Monday, September 09, 2013

Enterprise Indexing

Recently I was asked for my opinion on the subject of enterprise indexing. This is usually lumped in as part of the enterprise search space but there are quite good reasons that indexing is being treated more as a first class citizen these days. Since I made time to write some thoughts down, however crudely, I figured I might share it here.

Enterprise indexing is an aspirational goal but has generally found to not be practical for enterprises of significant size. Focusing on isolated but consistent patterns for indexing individual organizations within the enterprise will generally unlock more value and gain substantively more adoption. I have found the generally accepted approach is to begin with this isolated indexing of individual organizations. This is seen as a first step on the journey to enterprise indexing. We just don't mention it's a never-ending road.

Using a search index to surface data and make it widely and easily accessible is an imperative for any business. However, “enterprise indexing” as we typically understand it, proves to be mostly impractical. There are three primary reasons for this impractically.

The first is because the vast majority of corporate data is sensitive by nature. Consider how many business systems actually allow open access across the enterprise. There are many reasons for this information containment, most of which are immovable.

Moving beyond the sensitivity concerns to the second point, it is also understood that the vast majority of corporate data is useless without significant context. Consider how many acronyms, slang words, abbreviations, and specialized definitions exist in the typical organizational vocabulary. Even given the relatively new technical ability for tools to automatically discern the presence of this context does not address the massive effort to create correlations and harmonize these contexts between organizations. For example, an organization 1 that serves the public and is served by another organization 2. They both refer to clients/customers but one means the public and one means employees. This is just a simple example, what if sometimes organization 1 served employees and public? These are real issues that compound the problem of context.

Lastly, organizations operate in silos for practical reasons as well as sensitivity (ie. the need to govern the flow of information). For example, consider how many forecasts and versions of forecasts roll up in the typical capital planning process. Without the ability to understand what data is correct or accurate when the volume is hierarchical and broad, the reliability of the index for answers goes way down and therefore the relevance to users and therefore adoption.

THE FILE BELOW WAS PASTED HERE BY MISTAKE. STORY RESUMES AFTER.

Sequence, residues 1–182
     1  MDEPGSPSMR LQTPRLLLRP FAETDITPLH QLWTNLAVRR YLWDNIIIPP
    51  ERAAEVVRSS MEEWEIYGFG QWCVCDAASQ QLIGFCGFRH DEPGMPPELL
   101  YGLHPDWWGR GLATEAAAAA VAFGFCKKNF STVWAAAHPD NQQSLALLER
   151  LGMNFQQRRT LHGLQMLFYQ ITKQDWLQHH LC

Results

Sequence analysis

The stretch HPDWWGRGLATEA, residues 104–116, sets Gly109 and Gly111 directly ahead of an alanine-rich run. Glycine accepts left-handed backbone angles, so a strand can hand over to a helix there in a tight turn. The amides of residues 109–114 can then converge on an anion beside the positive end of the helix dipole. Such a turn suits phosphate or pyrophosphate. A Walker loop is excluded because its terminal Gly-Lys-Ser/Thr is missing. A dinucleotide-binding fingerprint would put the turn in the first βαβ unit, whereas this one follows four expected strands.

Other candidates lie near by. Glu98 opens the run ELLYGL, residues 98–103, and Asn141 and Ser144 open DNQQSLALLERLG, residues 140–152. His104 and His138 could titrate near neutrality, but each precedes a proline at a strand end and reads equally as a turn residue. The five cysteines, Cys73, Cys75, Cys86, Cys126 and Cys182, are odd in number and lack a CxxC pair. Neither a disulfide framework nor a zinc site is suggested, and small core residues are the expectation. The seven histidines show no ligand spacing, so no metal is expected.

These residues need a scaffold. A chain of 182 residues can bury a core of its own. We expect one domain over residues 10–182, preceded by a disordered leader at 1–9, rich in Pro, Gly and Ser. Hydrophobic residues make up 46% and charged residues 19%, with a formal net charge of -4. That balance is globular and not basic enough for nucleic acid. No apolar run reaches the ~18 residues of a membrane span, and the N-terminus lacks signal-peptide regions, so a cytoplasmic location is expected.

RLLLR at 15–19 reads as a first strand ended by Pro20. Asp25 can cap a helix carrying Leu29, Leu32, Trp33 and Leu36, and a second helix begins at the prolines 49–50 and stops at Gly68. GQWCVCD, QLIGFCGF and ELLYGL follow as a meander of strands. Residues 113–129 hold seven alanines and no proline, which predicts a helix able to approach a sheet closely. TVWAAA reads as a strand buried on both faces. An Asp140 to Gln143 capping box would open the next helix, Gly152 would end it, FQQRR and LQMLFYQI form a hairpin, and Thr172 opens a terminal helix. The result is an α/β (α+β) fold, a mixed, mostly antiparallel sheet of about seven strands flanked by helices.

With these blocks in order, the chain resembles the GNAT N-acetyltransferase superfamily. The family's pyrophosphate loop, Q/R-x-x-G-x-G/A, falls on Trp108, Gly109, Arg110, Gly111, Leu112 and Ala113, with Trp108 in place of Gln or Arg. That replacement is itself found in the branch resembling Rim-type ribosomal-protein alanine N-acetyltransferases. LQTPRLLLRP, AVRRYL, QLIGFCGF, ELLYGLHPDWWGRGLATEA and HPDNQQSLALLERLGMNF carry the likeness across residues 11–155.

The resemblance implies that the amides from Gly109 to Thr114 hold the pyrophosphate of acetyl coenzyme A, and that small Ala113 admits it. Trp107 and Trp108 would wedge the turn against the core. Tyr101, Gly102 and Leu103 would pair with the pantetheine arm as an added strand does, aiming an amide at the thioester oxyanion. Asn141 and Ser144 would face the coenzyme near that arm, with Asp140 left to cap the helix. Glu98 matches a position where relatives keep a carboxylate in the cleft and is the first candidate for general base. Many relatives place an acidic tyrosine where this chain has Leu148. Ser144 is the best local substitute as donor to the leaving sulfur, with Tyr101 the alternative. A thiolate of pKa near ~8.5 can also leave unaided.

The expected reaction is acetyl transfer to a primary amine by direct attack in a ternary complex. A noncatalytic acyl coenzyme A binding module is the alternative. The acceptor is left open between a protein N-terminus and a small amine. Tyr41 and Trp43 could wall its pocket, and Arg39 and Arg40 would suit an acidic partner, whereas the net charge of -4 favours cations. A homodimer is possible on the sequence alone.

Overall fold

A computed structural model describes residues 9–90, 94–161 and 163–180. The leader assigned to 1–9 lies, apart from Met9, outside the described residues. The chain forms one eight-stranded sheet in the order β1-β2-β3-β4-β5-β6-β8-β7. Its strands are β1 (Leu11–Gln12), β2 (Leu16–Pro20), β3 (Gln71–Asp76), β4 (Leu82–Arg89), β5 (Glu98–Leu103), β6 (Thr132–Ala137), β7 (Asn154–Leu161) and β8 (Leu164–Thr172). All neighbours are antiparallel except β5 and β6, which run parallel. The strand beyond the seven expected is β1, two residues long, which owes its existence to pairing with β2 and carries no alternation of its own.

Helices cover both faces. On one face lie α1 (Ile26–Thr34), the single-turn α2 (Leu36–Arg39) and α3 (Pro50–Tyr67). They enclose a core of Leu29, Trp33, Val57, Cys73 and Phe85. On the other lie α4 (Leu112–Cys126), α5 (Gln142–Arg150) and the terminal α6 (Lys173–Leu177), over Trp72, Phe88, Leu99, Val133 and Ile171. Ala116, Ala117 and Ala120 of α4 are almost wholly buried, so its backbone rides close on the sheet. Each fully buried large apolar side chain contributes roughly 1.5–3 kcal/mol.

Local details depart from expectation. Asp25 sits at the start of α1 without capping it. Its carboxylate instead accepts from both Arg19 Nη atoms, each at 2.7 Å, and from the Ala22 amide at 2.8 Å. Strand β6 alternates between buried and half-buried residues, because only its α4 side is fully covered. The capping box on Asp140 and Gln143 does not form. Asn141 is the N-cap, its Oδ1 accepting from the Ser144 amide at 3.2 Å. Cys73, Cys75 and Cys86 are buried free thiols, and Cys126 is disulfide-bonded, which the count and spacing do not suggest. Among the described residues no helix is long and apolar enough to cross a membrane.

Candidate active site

Having expounded on the challenges of doing it for an enterprise doesn't excuse the necessity to do within organizations inside the enterprise. Every organization across an enterprise should utilize consist toolsets and processes for indexing and searching as a first step. Only when this is happening will an enterprise index have the context to provide relevance and security to the information being indexed.  As the patterns to publish and consume matures, information quality can begin to mature which may ultimately allow for these isolated indexes to be aggregated and provide a wider scope.

Because of the complexities, the typical consultative answer is to start by rolling out these "enterprise" index and search tools to one organization at a time and then to bring others on incrementally. While an idea of merit and suitable for smallish enterprises or when the desire for information transparency is actually quite shallow, this typically hits a few harmonizing and integration snags and the effort stalls. For example, failure to provide necessary context makes results unusable to users so adoption stagnates. Or a sensitivity issue is uncovered and the whole thing is scrapped for being too risky. And so on and so forth. If it were a consistent and ongoing part of your enterprise strategy and operational initiatives for information management it can easily thrive. This requires that it be treated as an on-going operational concern that requires sustained investment and effort. Enterprises that don't acknowledge this and embark with their eyes open and clear expectations will inevitably give up. Which is pretty much the current state for most of them. With a little digging you find this is true even for those who say they do it well. The true user adoption and penetration numbers, the actual productivity metrics rarely tell this same story.

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